In the fourth season of the late, great AMC show Mad Men, one episode sees the New York ad agency at the center of the story hard at work on a campaign for Pond’s cold cream. For the men on the team, it’s a no-brainer — fear is the obvious angle. Making women feel bad about their faces always sells beauty products.
The only woman on the team has another idea, though: what if the cream were part of a pleasurable beauty ritual, something women do for themselves each morning? It is the idea of pleasure in skincare that Mathilde Thomas promotes in her book The French Beauty Solution, and it’s one she says is sadly absent from the American approach to beauty.
Thomas is the co-founder of the popular French beauty brand Caudalie, and some of the book is dedicated to extolling the benefits of grape-based beauty ingredients, some of which are patented by her company. But the larger message of the book is a plea for American women, to whom the book is specifically addressed, to stop hating their skin and start enjoying caring for it. It’s a refreshing read for anyone whose day has been ruined by a wrinkle or who punished her ‘bad’ complexion with a painful peel.
Despite its basic we-do-it-better bent, The French Beauty Solution is remarkably self-deprecating. In the section of the book called “What the French envy about the Americans,” Number 7 is our “boundless energy.” Aware of our pride in our packed schedules, she gently pokes fun at her own French ways all while making them sound terribly appealing. French women’s beauty routines are simple, she says, because they want their lives to be pleasurable — and their products are great because French women demand it.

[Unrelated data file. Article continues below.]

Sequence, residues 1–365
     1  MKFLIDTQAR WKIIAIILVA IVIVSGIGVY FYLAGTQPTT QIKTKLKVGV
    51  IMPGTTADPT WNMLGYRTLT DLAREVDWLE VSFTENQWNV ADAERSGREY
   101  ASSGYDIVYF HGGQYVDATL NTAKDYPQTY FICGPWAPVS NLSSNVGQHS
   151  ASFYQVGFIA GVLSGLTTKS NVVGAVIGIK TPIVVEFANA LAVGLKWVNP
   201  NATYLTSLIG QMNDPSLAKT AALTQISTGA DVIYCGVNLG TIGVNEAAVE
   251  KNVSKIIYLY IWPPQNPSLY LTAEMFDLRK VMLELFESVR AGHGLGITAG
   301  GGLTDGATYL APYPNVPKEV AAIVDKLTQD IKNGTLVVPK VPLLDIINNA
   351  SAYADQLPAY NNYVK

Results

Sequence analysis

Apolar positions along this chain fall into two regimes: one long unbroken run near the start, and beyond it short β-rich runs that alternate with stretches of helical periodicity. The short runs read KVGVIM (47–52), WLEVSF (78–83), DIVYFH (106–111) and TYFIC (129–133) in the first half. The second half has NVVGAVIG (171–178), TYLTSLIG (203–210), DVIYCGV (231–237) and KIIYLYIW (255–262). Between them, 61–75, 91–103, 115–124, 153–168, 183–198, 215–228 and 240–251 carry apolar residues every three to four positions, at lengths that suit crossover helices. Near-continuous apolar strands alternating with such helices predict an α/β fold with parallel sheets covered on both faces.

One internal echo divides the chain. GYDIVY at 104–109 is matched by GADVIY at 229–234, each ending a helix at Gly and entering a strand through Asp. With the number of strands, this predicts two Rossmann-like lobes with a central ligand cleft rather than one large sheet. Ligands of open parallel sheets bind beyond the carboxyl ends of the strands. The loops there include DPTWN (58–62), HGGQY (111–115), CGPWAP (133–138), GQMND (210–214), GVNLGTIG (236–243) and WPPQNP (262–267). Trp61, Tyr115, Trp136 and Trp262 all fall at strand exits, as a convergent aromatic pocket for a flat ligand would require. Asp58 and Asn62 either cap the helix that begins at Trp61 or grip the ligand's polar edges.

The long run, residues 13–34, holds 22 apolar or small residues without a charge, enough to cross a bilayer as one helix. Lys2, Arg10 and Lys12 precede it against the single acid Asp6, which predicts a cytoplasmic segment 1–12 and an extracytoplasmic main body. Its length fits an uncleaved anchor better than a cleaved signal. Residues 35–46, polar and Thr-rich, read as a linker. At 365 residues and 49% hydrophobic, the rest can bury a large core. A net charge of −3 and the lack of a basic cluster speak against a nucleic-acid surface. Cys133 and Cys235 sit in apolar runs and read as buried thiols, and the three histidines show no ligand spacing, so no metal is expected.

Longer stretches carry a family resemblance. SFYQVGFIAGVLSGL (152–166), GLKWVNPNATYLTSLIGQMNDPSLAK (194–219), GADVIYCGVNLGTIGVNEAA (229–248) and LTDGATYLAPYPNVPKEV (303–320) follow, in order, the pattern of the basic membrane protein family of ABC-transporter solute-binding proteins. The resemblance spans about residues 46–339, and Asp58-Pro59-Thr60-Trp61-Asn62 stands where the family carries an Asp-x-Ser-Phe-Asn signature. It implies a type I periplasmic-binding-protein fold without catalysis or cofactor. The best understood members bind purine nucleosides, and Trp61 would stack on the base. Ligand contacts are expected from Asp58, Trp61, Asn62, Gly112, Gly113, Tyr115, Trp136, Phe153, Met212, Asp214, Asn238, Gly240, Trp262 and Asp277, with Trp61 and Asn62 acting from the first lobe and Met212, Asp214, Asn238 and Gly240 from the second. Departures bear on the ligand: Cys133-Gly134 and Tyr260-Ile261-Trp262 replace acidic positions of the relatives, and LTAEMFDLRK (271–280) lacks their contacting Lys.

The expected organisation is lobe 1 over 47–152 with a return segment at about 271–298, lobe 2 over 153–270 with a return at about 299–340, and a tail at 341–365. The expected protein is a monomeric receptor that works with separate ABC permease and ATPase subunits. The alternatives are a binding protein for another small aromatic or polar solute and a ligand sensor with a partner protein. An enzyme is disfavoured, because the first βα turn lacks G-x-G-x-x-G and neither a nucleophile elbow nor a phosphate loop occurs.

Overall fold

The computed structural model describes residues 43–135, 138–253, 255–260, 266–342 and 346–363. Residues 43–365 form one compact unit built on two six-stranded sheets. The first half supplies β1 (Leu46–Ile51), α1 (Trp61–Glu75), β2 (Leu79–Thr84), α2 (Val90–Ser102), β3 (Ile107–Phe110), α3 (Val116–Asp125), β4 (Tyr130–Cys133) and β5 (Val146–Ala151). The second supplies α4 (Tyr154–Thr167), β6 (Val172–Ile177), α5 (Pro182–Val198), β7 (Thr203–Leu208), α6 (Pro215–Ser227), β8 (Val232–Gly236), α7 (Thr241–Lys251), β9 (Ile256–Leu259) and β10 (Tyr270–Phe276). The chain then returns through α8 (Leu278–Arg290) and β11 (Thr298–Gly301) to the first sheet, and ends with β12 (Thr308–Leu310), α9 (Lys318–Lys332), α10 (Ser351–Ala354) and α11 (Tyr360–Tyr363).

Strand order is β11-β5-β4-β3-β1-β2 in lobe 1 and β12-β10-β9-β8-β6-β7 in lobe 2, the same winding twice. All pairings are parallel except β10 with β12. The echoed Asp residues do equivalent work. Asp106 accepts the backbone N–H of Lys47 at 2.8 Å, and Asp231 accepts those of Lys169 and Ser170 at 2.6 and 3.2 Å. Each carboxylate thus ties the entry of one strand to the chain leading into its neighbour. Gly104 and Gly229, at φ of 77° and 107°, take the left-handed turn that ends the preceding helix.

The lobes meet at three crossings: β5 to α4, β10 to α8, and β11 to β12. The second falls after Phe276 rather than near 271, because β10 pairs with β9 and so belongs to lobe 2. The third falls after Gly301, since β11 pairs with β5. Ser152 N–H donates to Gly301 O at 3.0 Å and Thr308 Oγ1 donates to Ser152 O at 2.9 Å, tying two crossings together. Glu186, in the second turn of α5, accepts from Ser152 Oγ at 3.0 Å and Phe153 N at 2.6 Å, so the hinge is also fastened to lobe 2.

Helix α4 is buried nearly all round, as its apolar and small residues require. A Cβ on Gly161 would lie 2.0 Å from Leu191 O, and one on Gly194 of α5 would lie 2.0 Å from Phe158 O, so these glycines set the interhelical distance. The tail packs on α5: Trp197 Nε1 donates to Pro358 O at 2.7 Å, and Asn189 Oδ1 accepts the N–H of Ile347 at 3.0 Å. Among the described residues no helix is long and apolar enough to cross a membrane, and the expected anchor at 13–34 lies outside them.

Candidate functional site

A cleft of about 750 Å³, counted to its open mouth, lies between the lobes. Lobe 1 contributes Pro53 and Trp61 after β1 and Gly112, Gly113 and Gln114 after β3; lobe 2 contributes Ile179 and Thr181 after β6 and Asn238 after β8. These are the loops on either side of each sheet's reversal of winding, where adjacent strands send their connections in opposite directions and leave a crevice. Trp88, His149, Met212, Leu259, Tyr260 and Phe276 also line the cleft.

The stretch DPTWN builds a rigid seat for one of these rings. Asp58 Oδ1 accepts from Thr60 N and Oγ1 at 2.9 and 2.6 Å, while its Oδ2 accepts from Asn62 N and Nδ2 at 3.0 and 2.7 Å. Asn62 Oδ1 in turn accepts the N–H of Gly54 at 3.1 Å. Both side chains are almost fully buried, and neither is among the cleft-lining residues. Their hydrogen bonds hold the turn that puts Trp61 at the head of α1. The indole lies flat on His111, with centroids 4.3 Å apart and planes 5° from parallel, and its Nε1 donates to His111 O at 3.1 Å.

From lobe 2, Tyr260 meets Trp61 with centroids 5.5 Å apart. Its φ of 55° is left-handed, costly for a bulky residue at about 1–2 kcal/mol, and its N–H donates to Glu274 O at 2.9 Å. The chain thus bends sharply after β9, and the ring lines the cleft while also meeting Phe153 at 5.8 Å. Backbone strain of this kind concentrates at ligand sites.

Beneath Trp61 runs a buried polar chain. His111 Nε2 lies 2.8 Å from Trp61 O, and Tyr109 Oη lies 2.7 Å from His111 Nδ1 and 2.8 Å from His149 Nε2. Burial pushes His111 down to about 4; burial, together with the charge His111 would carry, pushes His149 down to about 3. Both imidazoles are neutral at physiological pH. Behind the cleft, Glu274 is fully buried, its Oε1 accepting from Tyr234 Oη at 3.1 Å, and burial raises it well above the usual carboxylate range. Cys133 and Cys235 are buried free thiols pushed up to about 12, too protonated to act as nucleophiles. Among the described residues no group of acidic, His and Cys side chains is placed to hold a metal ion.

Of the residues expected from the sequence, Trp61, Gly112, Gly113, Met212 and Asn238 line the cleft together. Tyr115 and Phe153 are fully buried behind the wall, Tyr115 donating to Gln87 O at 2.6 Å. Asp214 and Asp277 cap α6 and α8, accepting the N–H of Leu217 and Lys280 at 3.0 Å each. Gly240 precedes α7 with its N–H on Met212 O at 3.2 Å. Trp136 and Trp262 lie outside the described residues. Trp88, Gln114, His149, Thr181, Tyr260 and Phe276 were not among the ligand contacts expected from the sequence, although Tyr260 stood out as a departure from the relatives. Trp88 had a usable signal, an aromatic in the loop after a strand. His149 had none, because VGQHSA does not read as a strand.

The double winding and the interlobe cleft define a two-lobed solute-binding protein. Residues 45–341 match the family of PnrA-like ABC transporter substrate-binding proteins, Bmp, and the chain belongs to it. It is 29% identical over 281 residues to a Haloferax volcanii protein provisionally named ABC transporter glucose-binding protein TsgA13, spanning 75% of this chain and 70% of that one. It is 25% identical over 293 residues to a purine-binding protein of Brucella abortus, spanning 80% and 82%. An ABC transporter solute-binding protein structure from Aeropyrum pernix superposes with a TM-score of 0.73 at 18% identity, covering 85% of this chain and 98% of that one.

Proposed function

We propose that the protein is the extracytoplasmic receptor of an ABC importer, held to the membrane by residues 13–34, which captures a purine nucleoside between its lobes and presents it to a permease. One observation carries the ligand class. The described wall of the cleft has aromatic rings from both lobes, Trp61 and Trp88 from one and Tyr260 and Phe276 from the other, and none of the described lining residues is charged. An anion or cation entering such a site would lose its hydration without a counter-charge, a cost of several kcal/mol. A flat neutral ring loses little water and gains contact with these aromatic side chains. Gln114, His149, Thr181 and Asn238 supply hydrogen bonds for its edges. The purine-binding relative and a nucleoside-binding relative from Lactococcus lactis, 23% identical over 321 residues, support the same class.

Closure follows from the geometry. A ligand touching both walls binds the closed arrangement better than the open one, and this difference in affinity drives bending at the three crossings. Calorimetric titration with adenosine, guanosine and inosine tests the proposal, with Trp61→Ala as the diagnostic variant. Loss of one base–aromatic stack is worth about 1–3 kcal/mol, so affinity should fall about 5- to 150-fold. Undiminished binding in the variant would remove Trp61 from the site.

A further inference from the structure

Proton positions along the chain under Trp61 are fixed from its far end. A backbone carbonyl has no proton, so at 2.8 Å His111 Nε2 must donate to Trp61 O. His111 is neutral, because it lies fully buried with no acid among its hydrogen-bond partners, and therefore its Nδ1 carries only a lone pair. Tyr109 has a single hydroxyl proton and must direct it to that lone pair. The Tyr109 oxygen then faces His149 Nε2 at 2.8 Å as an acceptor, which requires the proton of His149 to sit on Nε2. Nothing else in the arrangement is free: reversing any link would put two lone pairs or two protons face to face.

“We expect [skin products] to be deliciously scented with a texture that feels wonderful on the kin and with ingredients that are as pure and natural as possible. […] The French have a reputation for being snobbish. But what some may consider arrogance is really an extension of our conviction that we deserve the best. Because we do — and so do you.”
French beauty secrets, according to Thomas, start with a basic respect for what nature gave you whether you’re planning a meal or looking in the mirror. Don’t cover your flaws (“Perfection is boring.”), and stick to the no-make-up look, choosing either a great lipstick or a mascara each day and healthy skin rather than foundation. “You’ll look French in no time at all. And you can finally throw away all those unused tubes and containers you know you’ll never use again.”
How to get that healthy, glowing skin? The book is full of advice that stretches from diet and cleansing to relaxation and professional intervention. As an American (and on a budget), some of it seems simply out-of-reach. Dermatologists in France are covered by their universal health-care system, so French teenagers don’t hesitate to see one as soon as a pimple appears. Facials, Thomas writes, are as inexpensive in France as mani-pedis are in New York. And then there’s the 5 weeks government-mandated paid vacation.
Other ideas like less make-up, more water, and a better overall approach to meals are totally accessible on any budget — and might even end up saving you money. Thomas even provides a dozen or so recipes for at-home scrubs and masks that are fun and easy (I had almost all of the ingredients in my kitchen already). I personally had to be reminded to try and do nothing while wearing the honey-lemon mask. Cucumbers on the eyes don’t only refresh them — they make it impossible to surf the internet when you’re supposed to be relaxing.
In France, Thomas says, tricks and tips for how to care for oneself are passed down from mother to daughter. One lovely section of the book describes the author’s childhood at her grandparents’ vineyard, exploring the scented landscape, picking herbs and experimenting with natural beauty concoctions with her grandmother. Hopefully, the book will inspire American women to find a little of that joy each time they remove their make-up, as well as some well-deserved appreciation for their own beautiful faces.
As for the Mad Men Ponds campaign, it ends up taking the tried-and-true fear rout, but not before the company does a survey among its secretaries to see whether any of them has a beauty routine she enjoys. None of them do, but one character describes her mother’s soothing ritual of splashing her lovely skin with warm and then cold water, before gently patting it dry. Is it merely a coincidence that she is French?